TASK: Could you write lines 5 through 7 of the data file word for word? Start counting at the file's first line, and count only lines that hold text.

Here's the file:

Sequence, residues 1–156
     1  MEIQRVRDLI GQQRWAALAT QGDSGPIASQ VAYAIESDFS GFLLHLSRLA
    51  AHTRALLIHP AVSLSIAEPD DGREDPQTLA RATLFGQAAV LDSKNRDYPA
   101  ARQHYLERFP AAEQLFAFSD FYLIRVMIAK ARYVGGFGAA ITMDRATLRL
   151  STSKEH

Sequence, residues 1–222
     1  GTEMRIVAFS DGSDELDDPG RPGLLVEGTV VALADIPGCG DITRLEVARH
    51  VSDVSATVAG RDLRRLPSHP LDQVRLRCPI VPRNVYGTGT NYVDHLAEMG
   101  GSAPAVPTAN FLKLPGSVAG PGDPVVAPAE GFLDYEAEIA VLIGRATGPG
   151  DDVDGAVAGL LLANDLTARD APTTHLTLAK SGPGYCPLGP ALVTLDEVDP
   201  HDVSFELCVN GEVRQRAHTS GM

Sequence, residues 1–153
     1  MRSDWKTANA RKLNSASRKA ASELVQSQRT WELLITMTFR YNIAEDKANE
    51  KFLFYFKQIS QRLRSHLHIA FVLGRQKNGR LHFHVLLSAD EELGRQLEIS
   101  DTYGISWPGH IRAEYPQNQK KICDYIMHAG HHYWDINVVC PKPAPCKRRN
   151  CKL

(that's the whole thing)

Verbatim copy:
   151  STSKEH

Sequence, residues 1–222
     1  GTEMRIVAFS DGSDELDDPG RPGLLVEGTV VALADIPGCG DITRLEVARH